Making Service Their Way by Jamey Lutz and Chip R. Bell
A newlywed couple spent the first part of their honeymoon at the Disney World Magic Kingdom, followed by another few days on a Disney cruise. The morning of transition from hotel to ship they were told to pack and leave their bags in their theme park hotel room; someone would transport the bags to their stateroom on the cruise ship. Arriving on board they were pleasantly surprised to discover their MagicBand that opened their theme park hotel room also opened their room on board the cruise ship.
In early 2015, Google X (Google’s top secret innovation lab) secured a patent for a digital contact lens that many believe will revolutionize diabetes care. So what’s the connection between contact lenses and diabetes? Electronic sensors embedded in the contact will allow blood sugar levels to be measured from tear secretions. When blood sugar levels cross designated thresholds, a message can be sent via an app to the user notifying him/her to act immediately or contact a physician if the condition is serious.
Personalization, or as management guru Tom Peters called it, “customerization,’ is the new feature of successful customer experience outreach. Customers want it “their way” because more and more they can get it that way!
Personalization has always been a characteristic of face-to-face encounters. We enjoy it monogrammed when service providers use our name, recall our last purchase, or thank us for being a valued member of their loyalty program. And, now it is even appearing on the Internet landscape. Case in point: Unique Fragrances.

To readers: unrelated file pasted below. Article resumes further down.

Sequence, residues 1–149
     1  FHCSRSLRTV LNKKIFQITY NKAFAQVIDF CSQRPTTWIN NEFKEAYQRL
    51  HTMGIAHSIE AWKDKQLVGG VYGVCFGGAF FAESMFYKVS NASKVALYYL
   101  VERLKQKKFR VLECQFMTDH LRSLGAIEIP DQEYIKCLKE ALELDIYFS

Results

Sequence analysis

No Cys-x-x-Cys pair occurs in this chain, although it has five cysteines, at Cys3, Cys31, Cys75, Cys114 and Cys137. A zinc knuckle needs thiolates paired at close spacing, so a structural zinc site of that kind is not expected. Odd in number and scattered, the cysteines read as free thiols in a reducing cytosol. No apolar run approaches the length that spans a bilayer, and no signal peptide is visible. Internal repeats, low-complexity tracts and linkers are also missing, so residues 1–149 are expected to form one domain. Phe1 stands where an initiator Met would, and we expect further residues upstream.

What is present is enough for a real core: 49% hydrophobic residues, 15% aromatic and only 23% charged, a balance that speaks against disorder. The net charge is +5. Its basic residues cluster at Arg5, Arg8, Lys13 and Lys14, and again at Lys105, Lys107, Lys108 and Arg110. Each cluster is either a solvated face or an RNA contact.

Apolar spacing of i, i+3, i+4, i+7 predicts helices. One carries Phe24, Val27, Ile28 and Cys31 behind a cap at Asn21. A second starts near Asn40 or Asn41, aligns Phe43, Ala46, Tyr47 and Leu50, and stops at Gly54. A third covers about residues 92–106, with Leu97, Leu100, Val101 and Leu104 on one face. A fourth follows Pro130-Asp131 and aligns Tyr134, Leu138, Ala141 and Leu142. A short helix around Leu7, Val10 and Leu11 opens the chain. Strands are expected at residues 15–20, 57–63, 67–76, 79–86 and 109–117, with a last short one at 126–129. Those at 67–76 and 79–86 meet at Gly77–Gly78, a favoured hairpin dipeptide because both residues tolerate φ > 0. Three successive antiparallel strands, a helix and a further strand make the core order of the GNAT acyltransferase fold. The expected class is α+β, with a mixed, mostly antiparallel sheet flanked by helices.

Log onto Unique Fragrances and you are given a special opportunity in five clicks to create your own signature perfume. Once you identify yourself as a male or female, you chose the character (casual, sensual, natural, glamorous, etc.), the scent (fruity, citric, fresh, extravagant, etc.), the notes (50 aromas like orchid, white tea, violet leaf, cherry blossom, etc.) with detailed descriptions and photos, the bottle (20 different styles) and finally the label (name, design and font). Talk about a gift that keeps on giving; this one is a sure winner! So, what are two principles important to customerization?
Think Local; Act Local
Personalizing service requires time and care; it cannot be a knee-jerk or a fast-tracked response. It is unique to the customer and it must always be sincere and authentic. Customers know if your brand of service is a gimmick, an empty gesture, or a selfish ploy. When service is genuinely tailored to you, it reminds customers they are vitally present in an important service relationship. Having customers’ names on an offering or their needs embedded in it informs customers they are valued recipients, not just typical end users.